It stays an issue because we keep making it an issue. Sure it is a catch 22 but if you had to guess which has more mind share with you? The shiny new car you see a commercial for every 20 minutes or the guy that was shot and killed in an armed robbery at a convenient store 10 miles away that got a couple of paragraphs on page 20 of the paper?

    • thucy

      “Most people don’t see color any more.”

      With all due respect to your self-professed “40-year-old white balding male”-ness, that is pure horse manure.

      • Paul Blankenship

        The point of me saying that was to illustrate the fact that if you saw me carrying a helmet I would be willing to bet your first thought would be along the lines of that guy’s a biker and wonder if I was a member of a biker club/gang and that would be the thought of most people. REGARDLESS of if they were white, black, brown, yellow or polka dotted.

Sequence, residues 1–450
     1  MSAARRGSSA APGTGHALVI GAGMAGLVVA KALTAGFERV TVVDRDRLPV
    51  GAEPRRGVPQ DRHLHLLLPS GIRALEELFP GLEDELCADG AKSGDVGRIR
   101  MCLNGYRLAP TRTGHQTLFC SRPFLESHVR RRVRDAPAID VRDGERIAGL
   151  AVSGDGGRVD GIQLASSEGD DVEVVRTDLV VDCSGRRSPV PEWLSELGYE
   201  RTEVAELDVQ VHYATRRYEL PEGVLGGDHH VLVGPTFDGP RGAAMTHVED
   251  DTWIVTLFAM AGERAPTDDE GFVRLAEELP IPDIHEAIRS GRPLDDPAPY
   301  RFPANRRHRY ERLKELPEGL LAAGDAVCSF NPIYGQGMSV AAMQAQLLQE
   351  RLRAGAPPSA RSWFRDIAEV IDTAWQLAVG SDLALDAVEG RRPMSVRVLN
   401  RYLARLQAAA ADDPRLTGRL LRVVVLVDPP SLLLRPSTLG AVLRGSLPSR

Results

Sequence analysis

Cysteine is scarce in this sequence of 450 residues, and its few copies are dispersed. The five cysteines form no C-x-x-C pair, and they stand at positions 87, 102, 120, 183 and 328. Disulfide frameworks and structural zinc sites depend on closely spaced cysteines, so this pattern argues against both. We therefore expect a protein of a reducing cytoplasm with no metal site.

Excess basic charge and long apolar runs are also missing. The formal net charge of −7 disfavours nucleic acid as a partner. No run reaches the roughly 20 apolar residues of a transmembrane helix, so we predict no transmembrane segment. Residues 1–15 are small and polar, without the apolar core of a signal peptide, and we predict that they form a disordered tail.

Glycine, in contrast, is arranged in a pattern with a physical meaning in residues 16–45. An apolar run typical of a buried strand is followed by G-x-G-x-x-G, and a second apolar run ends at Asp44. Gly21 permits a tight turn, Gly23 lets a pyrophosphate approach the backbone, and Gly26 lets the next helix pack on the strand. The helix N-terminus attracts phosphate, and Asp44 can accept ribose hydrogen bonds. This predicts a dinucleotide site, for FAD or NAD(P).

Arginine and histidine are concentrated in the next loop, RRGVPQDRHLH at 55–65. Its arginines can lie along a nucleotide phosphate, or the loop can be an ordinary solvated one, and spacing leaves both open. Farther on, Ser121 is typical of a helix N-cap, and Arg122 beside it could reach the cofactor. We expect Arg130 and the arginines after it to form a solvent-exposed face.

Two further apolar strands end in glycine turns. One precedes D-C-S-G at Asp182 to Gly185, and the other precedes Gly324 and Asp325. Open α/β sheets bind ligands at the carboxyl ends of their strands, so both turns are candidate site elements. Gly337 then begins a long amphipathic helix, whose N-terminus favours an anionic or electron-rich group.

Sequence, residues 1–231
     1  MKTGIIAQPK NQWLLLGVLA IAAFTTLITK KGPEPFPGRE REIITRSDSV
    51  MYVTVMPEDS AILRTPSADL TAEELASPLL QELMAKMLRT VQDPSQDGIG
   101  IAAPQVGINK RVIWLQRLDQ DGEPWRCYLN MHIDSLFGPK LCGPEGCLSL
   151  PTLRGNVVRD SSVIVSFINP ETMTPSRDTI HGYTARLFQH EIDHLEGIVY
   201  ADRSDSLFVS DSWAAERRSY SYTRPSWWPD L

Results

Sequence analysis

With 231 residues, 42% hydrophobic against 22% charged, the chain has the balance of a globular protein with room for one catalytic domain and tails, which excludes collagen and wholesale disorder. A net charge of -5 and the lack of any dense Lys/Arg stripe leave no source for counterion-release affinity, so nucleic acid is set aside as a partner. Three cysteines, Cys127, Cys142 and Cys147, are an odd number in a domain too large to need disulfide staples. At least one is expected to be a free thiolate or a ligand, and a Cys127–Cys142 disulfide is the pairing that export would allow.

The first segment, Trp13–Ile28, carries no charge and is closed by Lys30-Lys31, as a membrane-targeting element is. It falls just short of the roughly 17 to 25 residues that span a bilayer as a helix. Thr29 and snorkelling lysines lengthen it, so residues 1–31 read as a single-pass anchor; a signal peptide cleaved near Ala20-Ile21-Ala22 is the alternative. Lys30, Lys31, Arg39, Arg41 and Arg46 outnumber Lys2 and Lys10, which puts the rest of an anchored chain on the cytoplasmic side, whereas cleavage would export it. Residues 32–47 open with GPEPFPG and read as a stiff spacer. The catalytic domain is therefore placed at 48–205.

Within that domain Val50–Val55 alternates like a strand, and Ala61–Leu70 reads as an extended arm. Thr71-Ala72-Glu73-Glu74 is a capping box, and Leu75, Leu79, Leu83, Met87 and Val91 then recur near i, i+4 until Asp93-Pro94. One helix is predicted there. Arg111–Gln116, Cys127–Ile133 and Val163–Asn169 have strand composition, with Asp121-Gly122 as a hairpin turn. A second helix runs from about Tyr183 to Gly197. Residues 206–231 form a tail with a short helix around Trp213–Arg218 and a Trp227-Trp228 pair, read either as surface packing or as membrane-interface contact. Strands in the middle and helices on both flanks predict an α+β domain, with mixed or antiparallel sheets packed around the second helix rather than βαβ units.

I think if you listen to what people are actually saying rather than just the words they spout off you may find that it isn’t a race itself they have the problem with it’s the behavior of the majority of the members of that race which is what I mean by the stereotypes being the actual issue.

        I’m not saying there aren’t racists out there. What I am saying is that while I don’t care about someone’s skin color I do care about how they behave and how they treat those around them. Believe me, there are plenty of white people that I dislike far more than “people of color” because of how they act towards their fellow man.

  • austin